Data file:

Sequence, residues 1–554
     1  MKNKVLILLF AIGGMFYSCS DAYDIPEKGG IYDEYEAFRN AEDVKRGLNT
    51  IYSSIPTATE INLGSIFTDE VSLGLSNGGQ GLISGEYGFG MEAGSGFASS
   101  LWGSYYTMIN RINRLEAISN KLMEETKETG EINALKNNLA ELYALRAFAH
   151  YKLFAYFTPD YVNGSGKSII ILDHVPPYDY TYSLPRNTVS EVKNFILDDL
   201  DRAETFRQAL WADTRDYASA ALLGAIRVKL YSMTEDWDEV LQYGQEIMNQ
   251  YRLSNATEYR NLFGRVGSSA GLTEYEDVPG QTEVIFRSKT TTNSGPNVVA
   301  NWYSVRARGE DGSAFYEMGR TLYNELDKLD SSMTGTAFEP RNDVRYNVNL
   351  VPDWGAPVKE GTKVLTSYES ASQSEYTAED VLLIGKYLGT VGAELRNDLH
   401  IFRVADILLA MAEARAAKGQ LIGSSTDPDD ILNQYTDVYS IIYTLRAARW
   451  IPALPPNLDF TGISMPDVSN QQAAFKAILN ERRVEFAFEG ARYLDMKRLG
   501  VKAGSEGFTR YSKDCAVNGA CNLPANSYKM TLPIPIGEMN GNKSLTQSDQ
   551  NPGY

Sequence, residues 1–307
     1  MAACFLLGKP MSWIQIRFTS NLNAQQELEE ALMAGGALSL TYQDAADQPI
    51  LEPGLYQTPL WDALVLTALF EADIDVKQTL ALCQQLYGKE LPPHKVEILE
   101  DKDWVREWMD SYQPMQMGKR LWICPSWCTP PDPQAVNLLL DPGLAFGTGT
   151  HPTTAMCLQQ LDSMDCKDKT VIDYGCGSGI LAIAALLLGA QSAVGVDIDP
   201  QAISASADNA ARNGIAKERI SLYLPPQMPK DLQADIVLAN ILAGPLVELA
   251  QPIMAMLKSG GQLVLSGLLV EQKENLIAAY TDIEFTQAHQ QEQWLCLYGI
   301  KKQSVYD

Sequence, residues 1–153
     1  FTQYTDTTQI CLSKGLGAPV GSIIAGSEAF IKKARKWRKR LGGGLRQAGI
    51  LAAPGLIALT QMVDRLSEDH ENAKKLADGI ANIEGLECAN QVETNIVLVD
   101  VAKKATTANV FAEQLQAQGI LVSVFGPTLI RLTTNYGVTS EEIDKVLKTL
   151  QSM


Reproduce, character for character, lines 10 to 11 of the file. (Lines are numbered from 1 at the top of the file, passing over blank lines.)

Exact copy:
   401  IFRVADILLA MAEARAAKGQ LIGSSTDPDD ILNQYTDVYS IIYTLRAARW
   451  IPALPPNLDF TGISMPDVSN QQAAFKAILN ERRVEFAFEG ARYLDMKRLG